Many people are complaining of how bad 2020 has been, but for Scott Sullivan, 50, of Somerset, Kentucky, it’s all he has.
It started with abnormal lab results in August that quickly led to a diagnosis of cancer. He found out he had leptomeningeal carcinomatosis, a cancer that affects brain membranes and the spinal cord and generally gives its sufferers a mere two to four months to live.
Sullivan knows he doesn’t have much time left; his doctors told him not to expect more than a few weeks, and he was put into hospice care with Hospice of Lake Cumberland.
Despite all the bad news, Sullivan had one major request: He wanted to see his son play his first football game of the season.
His son, Cade, is a sophomore at Pulaski County High School, but their first game would be taking place over three hours away.
His nurse, Jerree Humphrey, said it wouldn’t work. That much time traveling by car would not do for someone in his condition.
“I thought you know you’re talking seven or eight hours in the car and I said I don’t know how safe that would be or how realistic,” Humphrey told CNN.
A flight, though, would reduce the travel time enough that it might be doable.
But who could fly them out? Nurse Humphrey worked her magic and found a local dentist with a heart of gold.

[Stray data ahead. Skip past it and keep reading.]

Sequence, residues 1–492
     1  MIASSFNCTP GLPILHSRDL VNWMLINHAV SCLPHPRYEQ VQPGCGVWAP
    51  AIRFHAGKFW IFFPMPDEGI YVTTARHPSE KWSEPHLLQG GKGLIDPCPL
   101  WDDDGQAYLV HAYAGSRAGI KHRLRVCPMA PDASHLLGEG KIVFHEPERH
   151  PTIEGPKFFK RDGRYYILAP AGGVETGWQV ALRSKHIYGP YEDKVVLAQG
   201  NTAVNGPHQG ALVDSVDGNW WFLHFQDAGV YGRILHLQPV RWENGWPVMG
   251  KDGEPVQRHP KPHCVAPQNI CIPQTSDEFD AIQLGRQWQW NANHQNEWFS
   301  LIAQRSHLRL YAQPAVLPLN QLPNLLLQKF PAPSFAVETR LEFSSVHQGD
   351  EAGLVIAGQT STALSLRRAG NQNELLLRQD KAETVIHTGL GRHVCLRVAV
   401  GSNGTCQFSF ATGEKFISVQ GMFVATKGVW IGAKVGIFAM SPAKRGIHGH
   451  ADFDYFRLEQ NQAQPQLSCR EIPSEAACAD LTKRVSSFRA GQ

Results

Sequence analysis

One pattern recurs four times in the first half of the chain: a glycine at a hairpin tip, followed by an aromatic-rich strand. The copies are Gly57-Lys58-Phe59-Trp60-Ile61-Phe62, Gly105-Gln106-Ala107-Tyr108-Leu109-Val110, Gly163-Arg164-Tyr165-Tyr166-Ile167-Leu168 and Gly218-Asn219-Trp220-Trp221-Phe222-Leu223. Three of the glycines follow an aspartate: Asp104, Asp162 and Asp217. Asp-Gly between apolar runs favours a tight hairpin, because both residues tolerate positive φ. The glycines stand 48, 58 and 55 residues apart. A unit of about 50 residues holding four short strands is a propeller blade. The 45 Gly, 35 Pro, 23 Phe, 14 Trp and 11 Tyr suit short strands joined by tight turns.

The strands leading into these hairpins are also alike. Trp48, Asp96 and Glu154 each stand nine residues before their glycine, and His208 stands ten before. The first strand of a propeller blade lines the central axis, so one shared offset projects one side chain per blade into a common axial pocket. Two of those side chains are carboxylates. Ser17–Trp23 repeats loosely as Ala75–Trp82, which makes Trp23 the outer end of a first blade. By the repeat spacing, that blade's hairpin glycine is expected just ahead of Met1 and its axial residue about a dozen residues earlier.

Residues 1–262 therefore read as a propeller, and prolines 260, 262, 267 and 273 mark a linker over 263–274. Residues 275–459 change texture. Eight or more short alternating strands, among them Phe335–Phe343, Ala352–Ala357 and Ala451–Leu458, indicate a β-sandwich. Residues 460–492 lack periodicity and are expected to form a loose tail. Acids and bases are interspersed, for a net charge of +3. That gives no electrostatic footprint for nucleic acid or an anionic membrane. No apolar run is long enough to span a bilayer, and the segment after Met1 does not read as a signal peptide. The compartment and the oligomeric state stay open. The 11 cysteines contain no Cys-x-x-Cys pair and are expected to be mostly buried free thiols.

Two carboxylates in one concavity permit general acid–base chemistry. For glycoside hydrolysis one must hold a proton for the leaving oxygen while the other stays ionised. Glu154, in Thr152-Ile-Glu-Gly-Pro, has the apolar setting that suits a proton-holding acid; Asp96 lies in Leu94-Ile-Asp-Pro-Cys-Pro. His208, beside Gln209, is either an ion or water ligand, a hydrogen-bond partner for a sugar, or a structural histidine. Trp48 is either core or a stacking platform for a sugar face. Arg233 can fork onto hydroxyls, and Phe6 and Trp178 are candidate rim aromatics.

Dr. Denny Brummett had a plane and offered to fly Sullivan to his son’s game.
“Bucket List wishes are so important,” Hospice of Lake Cumberland shared on Facebook on Sept. 11. “Our patient, Scott Sullivan, wanted to see his son’s first football game of the season — but it was a long way from home. His Hospice of Lake Cumberland nurse, Jerree Humphrey, (pictured far left) got things kicked into motion, and here’s what happened:
“Doctor Denny Brummett volunteered to pilot his plane and fly Scott, Jerree and Kristi Harrison to the game out of the goodness of his heart! Here they are before take off.”
Sullivan was able to attend the game, seated on a hill rather than the bleachers for extra social distancing. When Cade spotted his dad before the game, he ran up and wrapped his dad up in a big hug.
“Words could not be put into sentences or phrases to describe how I felt at that time,” Sullivan said. “I was just so happy to see my son.”
“You could just not help but cry,” Humphrey added. “He just embraced him so hard and was just so thankful for him to be there.”
The photos are heartwarming, and something that Cade can hold onto for years to come.
“Dr. Brummett expertly landed the plane and there was Scott Sullivan’s son, Cade, waiting to embrace his dad,” the hospice shared on Facebook. “Our heartfelt thanks go to Dr. Brummett, without whom, this could not have been possible.
“We are all sending our love and best to Scott and his family.”
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